MILLS RIVER, N.C.—Diversifying farmers in western North Carolina are receiving support to offset the risk of expanding and trying new ventures. WNC Agricultural Options awarded 33 farm businesses a total of $177,000 in $3,000 and $6,000 grants at the Mountain Horticultural Crops Research and Extension Center in Mills River. Farm projects include a poultry house conversion to an aquaponics greenhouse, cold storage for a multi-plot urban farm, and improved Fraser Fir seedling production to deter root disease.

Seven of the farm business received $3,000, and 26 received $6,000. The N.C. Tobacco Trust Fund Commission is the exclusive financial supporter of WNC AgOptions, which aims to build sustainable farming communities in the mountain region by providing resources directly to farmers.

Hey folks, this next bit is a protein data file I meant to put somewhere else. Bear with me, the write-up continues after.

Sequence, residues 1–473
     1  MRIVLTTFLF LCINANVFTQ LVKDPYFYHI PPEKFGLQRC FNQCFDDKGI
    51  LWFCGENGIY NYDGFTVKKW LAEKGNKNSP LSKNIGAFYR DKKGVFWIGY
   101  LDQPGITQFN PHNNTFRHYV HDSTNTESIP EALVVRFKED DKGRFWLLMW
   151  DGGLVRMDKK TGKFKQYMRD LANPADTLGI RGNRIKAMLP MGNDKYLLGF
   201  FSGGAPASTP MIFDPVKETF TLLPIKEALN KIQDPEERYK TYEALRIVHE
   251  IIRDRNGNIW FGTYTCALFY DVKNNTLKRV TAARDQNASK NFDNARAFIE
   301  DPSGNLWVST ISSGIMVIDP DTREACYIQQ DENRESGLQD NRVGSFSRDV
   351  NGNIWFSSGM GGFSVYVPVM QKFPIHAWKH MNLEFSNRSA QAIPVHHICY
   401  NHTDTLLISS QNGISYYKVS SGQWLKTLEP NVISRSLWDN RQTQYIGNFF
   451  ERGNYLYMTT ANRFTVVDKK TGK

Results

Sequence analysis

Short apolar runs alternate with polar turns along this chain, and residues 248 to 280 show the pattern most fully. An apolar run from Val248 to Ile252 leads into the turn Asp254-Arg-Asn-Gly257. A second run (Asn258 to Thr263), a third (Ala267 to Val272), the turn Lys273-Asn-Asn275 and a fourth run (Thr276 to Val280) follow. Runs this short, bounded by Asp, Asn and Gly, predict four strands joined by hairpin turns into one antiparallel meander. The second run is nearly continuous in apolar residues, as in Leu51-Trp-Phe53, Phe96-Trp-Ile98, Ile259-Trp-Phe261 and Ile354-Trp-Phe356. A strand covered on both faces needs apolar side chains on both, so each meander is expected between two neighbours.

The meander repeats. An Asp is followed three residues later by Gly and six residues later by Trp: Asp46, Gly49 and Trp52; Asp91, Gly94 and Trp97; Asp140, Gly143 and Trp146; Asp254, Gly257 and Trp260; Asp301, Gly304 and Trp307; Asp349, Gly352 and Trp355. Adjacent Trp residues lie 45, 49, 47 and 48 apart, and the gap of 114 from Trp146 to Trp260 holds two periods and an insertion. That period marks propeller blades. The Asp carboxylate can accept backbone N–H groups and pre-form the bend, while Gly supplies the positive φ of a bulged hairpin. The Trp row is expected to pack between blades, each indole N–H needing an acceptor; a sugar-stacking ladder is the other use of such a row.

"The WNC AgOptions program has proven success stories," said Bill Teague, Chairman of the N.C. Tobacco Trust Fund Commission. "We continue to be amazed at how these producers utilize these funds to ensure their family farms grow and remain profitable."

After raising broiler chickens for 13 years, Paula and Dale Boles of JB Farms in Caldwell County are ending their contract with poultry companies and converting their chicken houses to greenhouses to grow tilapia and a variety of vegetables. Using an aquaponics system, fish and plants grow in symbiosis since fish provide fertilizer through their waste and the plants' nutrient uptake cleans the water for the fish.

"We realize this first house will involve a lot of trial and error, and it may take several growing seasons to learn this new business before we are operating as efficiently as possible," Paula Doles said. In the meantime, income from 25 acres of soybeans helps pay for the new venture's expenses.